Hobert Sherwood Billingsley (a.k.a. Hobie) was born December 2nd, 1926 in Erie, PA.
Against all odds to be a success, Hobie overcame insurmountable odds to become the World’s Greatest Diving Coach in the history of the sport.
At the young age of 3 his father walked out on the family leaving him and his older brother and mother penniless during the Great Depression. He fought through hunger and homelessness with the help of two men who mentored him at the Erie, Pennsylvania YMCA.
At an early age, he taught himself to swim and when the team needed a diver he tried out and liked the challenge. Eventually he would also become a gymnast and cheerleader for the high school.
As his diving skills improved to become the PA state high school champion, the coach suggested he compete at the National AAU Championships. There, the top divers who competed for Ohio State University gave him pointers he could take back to his coach, and he became the first high school diver to place in the finals of a national championship.
He enrolled at Ohio State and became the first All-American for all four years. World War II called him into service in Okinawa where the war with Japan ended and he could resume his college diving career.
After college, Hobie and another Ohio State diver, Bruce Harlan, formed a clown diving act and
toured all over the United States performing shows at schools, hotels, and country clubs. Tragically, Bruce, died in a freak accident dismantling scaffolding that supported a small trampolet to do high dives in their shows.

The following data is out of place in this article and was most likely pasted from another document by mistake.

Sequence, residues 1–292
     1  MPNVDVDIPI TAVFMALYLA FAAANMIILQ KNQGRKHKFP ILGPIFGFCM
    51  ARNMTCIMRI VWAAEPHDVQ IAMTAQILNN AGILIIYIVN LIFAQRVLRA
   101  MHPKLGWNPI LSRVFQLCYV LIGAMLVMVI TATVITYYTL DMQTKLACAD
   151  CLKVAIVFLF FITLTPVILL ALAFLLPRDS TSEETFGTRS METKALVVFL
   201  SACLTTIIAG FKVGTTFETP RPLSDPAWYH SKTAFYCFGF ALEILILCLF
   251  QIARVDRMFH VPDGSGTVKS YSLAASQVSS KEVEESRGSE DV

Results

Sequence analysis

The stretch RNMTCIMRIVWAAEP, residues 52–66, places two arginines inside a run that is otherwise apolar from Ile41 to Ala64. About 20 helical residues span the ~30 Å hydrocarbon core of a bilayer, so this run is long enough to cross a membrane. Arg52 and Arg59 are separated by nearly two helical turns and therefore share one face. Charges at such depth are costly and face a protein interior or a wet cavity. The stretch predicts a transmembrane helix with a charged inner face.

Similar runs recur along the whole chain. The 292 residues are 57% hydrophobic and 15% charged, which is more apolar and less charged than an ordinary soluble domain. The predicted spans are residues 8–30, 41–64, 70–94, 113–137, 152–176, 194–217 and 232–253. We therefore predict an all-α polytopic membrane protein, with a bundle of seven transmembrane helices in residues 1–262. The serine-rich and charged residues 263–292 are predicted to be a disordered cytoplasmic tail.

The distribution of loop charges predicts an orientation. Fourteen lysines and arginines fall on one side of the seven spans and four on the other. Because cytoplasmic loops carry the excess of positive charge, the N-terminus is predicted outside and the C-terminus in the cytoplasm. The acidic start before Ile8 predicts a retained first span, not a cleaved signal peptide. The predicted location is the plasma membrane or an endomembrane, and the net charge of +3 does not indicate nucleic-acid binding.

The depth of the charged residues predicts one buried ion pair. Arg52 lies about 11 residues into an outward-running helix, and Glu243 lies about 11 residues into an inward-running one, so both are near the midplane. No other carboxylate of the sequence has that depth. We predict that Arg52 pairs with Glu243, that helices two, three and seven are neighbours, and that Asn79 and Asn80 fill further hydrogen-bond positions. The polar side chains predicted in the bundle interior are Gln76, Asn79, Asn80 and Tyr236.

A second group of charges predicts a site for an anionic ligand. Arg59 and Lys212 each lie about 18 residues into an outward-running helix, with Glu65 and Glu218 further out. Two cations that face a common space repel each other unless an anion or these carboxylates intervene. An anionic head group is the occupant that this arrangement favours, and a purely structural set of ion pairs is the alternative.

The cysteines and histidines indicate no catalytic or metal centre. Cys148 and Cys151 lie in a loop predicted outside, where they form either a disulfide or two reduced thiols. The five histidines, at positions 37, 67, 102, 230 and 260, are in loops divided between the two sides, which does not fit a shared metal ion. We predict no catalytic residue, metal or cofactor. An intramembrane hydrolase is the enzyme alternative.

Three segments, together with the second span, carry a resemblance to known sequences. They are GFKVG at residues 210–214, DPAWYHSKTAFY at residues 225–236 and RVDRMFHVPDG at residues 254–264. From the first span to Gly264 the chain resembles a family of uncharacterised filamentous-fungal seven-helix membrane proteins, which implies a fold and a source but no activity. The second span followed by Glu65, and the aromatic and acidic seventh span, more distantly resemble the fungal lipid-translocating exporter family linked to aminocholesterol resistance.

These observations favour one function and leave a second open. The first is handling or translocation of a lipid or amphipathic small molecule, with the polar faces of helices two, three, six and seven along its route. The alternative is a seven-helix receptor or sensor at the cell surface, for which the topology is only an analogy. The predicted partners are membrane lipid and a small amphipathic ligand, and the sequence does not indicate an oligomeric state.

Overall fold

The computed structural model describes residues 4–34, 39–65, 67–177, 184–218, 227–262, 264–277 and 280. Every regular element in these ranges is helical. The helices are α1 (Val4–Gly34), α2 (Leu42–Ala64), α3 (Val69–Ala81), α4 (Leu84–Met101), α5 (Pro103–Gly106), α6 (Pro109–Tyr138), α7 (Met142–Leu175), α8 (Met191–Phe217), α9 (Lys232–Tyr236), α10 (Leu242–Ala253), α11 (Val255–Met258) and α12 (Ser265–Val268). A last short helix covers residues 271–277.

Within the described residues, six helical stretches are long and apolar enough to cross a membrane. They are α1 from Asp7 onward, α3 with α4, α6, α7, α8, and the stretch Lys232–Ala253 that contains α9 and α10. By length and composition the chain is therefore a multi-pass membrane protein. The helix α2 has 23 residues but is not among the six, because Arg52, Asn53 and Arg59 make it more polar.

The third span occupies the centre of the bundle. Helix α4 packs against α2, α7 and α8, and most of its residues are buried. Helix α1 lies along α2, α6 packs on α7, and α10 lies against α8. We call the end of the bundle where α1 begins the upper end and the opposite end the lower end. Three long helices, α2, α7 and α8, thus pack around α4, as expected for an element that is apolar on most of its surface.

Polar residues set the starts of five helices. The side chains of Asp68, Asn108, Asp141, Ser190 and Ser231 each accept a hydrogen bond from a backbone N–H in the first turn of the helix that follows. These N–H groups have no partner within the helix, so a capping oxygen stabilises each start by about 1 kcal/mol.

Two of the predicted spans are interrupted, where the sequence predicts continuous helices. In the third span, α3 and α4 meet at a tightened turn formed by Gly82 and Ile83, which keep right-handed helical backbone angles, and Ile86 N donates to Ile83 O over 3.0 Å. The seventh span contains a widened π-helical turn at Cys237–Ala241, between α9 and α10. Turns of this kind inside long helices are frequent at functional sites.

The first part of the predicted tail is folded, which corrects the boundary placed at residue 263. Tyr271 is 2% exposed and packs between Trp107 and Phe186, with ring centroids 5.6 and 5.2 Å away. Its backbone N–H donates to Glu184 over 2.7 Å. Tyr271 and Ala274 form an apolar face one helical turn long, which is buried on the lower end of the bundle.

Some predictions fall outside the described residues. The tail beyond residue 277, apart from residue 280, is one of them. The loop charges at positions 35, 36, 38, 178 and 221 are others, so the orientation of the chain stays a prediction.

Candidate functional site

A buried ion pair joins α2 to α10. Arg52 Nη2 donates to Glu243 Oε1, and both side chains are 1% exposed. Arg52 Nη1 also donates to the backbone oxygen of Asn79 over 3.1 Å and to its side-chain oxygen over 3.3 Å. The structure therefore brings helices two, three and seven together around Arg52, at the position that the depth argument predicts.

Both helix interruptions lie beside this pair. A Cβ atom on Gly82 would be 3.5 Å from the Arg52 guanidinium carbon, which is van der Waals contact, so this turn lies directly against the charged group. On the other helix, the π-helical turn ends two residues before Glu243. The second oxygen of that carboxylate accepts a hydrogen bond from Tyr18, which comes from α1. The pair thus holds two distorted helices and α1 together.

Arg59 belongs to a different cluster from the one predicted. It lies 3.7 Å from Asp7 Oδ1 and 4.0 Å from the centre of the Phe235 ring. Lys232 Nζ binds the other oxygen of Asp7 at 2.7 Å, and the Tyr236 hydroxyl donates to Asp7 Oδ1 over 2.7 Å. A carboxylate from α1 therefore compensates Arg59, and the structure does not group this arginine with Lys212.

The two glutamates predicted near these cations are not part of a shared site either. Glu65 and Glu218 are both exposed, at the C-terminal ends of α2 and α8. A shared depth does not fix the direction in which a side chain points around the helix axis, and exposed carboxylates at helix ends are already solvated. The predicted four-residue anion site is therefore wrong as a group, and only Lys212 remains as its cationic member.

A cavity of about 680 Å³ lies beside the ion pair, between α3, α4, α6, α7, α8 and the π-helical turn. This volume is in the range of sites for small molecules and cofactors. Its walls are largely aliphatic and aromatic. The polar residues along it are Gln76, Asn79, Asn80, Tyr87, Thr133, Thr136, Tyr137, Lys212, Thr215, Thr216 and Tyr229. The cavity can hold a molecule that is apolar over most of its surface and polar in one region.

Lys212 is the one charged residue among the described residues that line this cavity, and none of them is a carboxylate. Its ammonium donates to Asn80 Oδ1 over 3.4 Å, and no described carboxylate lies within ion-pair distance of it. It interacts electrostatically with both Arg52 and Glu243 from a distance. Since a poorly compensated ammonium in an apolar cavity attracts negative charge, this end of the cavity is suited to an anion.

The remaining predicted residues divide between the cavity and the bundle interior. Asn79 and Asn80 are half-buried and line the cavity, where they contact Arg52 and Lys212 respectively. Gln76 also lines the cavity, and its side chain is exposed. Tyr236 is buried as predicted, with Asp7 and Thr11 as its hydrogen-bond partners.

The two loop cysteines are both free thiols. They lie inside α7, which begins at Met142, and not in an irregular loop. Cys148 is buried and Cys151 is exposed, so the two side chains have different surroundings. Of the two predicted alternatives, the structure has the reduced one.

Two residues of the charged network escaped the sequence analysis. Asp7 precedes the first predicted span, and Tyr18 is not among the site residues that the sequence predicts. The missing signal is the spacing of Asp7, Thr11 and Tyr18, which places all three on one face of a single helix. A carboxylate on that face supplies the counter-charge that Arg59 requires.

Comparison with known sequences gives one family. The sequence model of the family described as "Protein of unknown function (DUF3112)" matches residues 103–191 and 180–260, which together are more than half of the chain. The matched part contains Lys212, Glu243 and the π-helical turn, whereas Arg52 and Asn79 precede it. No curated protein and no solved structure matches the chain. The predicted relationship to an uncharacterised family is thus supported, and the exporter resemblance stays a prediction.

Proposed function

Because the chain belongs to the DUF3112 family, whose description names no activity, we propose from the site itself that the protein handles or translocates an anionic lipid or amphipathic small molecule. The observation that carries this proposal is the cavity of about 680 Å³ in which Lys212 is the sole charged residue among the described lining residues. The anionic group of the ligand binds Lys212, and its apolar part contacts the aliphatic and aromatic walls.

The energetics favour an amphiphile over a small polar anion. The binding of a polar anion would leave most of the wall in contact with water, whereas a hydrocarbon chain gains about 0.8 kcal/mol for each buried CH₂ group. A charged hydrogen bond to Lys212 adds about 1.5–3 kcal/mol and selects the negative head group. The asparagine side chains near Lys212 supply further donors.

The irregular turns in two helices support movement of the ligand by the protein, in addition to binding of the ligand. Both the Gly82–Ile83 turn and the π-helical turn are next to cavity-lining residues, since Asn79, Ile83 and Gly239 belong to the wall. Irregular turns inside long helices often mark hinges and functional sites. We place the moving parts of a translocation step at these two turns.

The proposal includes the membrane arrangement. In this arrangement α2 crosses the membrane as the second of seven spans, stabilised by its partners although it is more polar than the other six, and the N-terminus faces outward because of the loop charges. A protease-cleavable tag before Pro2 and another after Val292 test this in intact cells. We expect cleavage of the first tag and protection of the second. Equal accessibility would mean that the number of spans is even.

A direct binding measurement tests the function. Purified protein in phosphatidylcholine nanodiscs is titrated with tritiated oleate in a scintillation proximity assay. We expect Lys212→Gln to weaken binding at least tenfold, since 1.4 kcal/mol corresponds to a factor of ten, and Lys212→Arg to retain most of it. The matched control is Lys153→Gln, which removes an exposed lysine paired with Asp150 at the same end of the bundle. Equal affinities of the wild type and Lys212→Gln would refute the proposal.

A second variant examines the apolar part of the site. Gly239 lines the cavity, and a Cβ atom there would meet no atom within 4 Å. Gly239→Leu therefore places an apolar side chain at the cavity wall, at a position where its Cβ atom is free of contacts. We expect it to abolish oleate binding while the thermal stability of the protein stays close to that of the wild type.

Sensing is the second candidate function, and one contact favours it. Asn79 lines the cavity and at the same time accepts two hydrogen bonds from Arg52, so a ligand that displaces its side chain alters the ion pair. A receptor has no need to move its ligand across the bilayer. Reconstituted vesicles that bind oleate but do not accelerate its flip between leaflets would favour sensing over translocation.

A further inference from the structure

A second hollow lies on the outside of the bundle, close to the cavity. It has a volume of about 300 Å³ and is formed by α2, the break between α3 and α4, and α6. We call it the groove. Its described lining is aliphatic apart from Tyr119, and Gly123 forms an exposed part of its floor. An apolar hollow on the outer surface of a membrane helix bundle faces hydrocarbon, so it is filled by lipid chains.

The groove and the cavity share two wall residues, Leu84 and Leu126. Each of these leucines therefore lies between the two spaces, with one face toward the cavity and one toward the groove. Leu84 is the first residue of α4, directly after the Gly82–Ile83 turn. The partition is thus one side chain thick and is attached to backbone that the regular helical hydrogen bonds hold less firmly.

Hobie then partnered up with Dick Kimball who also replaced Bruce as the first diving coach ever hired by a college or university. After a short high school coaching stint, Hobie became only the 2nd diving coach ever hired by a college or university.
In 1959, he came to Indiana University to start an unequaled diving dynasty that continues today. He started with very poor facilities and no committed divers with any skills, and within two years produced his first national champion in Rick Gilbert that attracted other great talent to the school when they had moved into the new Royer Pool facility.
He was the first to coach women in any sport, and did so without pay well before Title IX guaranteed equal rights for women athletes in 1972.
Along with head swimming coach, Doc Counsilman, together they won 23 Big Ten Championships and 6 NCAA Division I titles.
Hobie was selected as the Olympic Diving Coach 5 times and coached 132 National Champions. After retiring in 1989 he gave diving clinics and judged major competitions all over the world, and in 1996 was selected to administer the Olympic Oath to all the judges at the Atlanta Olympics – a great honor.
His leadership was evident by forming the World Diving Coaches Association and the United States Diving Coaches Association. In 1983, he received the high honor of being inducted into the International Swimming Hall of Fame.
He continues to have a profound effect on the diving community with the publication of – Diving Illustrated and A Comprehensive View of Competitive Diving, and lectures to divers in summer camps, high school students, and collegiate athletic departments.
Today, Hobie is an icon in all of sport.